Some of the hardships these students went through outside the classroom were equally hard to believe. The local hospital saw its first recorded case of scurvy in over a century from amongst the student body. It turned out this international student had his fees paid, but had no maintenance money to speak of. He used to buy sacks of oats, and use the chest of drawers in his room to make large slabs of a dried porridge that was his sole supply of food. Hence, eventually, the scurvy. Believe me, the wonderful Student Welfare Officer at that college really earned her money.
Not all the students were so impoverished. The student body also included the children of government ministers, dignitaries and civil servants from all around the world. All keen to get that highly-prized UK business qualification that would be an international passport to success. I remember fun and games one day when the newly-arrived eldest son of an African tribal chief walked straight to the front of the lunch queue and demanded to be served. It seems that was his birthright, and the people teaching British values as part of General Studies really had their work cut out explaining the British pride in their ability to queue. Especially challenging for him when the queue included female as well as male students. There was undoubtedly racism, sexism and also some interesting proxy turf wars in the student body, which included student groups from all sides of the ongoing battles in the Indian sub-continent.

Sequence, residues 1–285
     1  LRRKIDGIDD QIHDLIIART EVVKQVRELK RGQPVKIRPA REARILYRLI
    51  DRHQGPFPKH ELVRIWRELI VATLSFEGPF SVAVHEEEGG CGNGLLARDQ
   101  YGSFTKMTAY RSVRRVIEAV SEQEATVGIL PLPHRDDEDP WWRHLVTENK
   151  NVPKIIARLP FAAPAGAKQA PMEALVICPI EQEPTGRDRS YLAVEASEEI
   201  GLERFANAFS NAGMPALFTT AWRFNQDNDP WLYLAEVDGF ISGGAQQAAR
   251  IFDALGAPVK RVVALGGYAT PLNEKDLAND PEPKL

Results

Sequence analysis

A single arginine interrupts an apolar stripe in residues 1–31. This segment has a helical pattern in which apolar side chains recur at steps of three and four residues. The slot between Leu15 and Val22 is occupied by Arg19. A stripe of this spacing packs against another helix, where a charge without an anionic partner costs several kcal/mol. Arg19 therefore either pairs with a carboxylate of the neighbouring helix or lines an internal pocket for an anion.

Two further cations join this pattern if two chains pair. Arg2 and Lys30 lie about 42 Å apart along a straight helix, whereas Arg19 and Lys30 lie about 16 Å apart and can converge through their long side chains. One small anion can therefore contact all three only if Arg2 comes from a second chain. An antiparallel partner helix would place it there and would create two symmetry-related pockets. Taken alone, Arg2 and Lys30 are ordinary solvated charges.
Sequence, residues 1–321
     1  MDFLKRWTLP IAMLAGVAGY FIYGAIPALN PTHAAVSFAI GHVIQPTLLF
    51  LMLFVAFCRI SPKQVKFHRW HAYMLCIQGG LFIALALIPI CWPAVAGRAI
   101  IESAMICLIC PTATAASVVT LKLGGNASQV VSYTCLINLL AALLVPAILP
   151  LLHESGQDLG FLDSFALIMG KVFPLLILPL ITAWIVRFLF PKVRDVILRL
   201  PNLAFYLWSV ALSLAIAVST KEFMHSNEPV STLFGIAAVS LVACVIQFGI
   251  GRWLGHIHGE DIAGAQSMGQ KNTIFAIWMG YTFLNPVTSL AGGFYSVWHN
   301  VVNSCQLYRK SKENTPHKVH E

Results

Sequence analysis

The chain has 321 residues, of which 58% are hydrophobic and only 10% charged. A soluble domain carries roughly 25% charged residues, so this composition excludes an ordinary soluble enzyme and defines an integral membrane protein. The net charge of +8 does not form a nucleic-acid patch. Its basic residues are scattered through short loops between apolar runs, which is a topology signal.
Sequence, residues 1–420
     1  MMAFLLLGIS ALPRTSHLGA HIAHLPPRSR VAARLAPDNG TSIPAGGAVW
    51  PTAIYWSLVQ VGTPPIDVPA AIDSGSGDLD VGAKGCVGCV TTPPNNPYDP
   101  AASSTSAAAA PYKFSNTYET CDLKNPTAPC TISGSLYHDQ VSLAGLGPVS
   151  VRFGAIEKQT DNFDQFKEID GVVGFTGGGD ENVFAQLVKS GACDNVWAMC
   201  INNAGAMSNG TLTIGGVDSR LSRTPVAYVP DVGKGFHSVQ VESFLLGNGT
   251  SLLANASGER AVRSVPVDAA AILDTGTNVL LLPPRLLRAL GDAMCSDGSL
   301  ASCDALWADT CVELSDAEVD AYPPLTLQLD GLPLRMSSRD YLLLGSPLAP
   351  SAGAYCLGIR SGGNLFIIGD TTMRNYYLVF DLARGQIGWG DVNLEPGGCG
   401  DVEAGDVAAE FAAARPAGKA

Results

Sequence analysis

Accounting for success…
But despite all this, each year a cohort of international students attended lessons, undertook work-placements, and garnered qualifications. Then went proudly went back to their home countries with shifted perspectives, full of ideas and principles that they had learned during their stay in the UK. And many went on to gain positions of authority in their own countries, and became the mainstay of continuing trade with the UK, and eventually sent their own children back to the UK for qualifications in their turn. They became unpaid ambassadors for the UK, so we benefited both directly from their student fees, and then indirectly as they sent more contracts for goods and services in our direction.
The UK led the world in higher education, whether for academic or business qualifications. It was starting to lose some ground to the US, particularly among students from India and the Far East, but it was still a much sought after destination because of the quality and trustworthiness of the degrees and qualifications offered. And these courses came with the bonus of work placement opportunities with some of the best organisations with international reputations in their fields. A newly-qualified accountant with a stint at PwC or EY under their belt is infinitely more employable anywhere in the world. Accountants, architects, designers, doctors…. every profession imaginable could study on the best courses, and gain practical experience in the best workplace environments in the UK – world class leadership was on offer.